Vaccinations and regular health examinations are very important to your pet’s health. Dogs and cats may be exposed to potentially life-threatening diseases from wildlife, rodents, insects, and other pets. Below is a list of the vaccines we recommend and the diseases they help prevent.
A new puppy or kitten needs to have a series of vaccines from the time they are 6-8 weeks old until they turn 14-16 weeks of age. These vaccinations are an important part of the health of your pet. Adult pets with no prior vaccines also will need a series of vaccinations.
Did you know that 10 million pets will get lost every year and without identification 90% do not return home? A microchip implanted just under the skin serves as a permanent identification and greatly increases the likelihood that you will be reunited with your pet. Most animal shelters and veterinary clinics have scanners that can detect your pet’s microchip.
At Cloquet Animal Hospital, we can safely and easily implant a Homeagain microchip in your pet. Homeagain has helped reunite over 400,000 pets with their families. In addition, Homeagain has established a proactive pet recovery network. Recovery specialists are available 24 hours a day seven days a week so you can contact them the minute you realize your pet is missing. The recovery specialist immediately issues lost pet alerts to local veterinary clinics, local shelters, your personal vet, as well as local people who have signed up to be petRescuers. Once your pet is found, the shelter or clinic is provided with up-to-date owner and medical information to ensure your pet receives proper treatment.
Clinical studies and real-world use over several decades have proven that laser therapy alleviates pain and inflammation, reduces swelling, stimulates nerve regeneration and cells involved in tissue repair.
Schedule an in-office demonstration to feel the soothing power of a Companion Therapy Laser for yourself.
Improved Patient Outcomes
Deep, soothing laser therapy provides a drug-free option for enhanced patient care.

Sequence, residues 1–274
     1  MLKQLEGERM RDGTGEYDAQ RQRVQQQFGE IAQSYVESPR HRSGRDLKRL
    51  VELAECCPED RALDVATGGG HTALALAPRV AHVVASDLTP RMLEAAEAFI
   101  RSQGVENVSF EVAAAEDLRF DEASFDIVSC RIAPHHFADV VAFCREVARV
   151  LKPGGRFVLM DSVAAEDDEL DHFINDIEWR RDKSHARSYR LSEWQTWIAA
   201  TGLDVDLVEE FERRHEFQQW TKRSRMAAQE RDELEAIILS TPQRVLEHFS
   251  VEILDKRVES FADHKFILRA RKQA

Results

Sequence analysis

Effective relief of pain, inflammation, and swelling
Extremely well tolerated by pets
No known side effects
May decrease the need for surgery and medications
Reduces healing time
Requires no sedation or clipping
Quick to administer (approximately 3 to 6 minutes per site)
Allows pet owners to be present and feel that they are participating in the healing process
Applicable for all animals across a wide range of conditions routinely seen in practice.
Degenerative joint and disc disease
Dermatologic disorders (eg, hot spots, interdigital dermatitis, acral lick granuloma)
Acute and chronic otitis
Periodontal disease (eg, feline stomatitis)
Post-operative healing (eg, to treat incision pain and reduce inflammation before the patient wakes up)
Acute traumas (eg, sprains or strains without radiographic changes or ruptured ligaments)
Diagnostic veterinary services are an important part of our offerings at Cloquet Animal Hospital. Our veterinarians use a variety of diagnostic tools to help them accurately diagnose and treat your pet. This includes everything from radiographs and blood work to ultrasounds and ultrasound. We also have a full-service laboratory on site, which enables us to get results quickly and accurately. This allows us to provide the best possible care for your pet.
End of Life Care
Saying goodbye to your loved one is one of the hardest things we do as both pet owners and as your veterinarian. We will work closely with you on ways to help make your pet as comfortable as possible.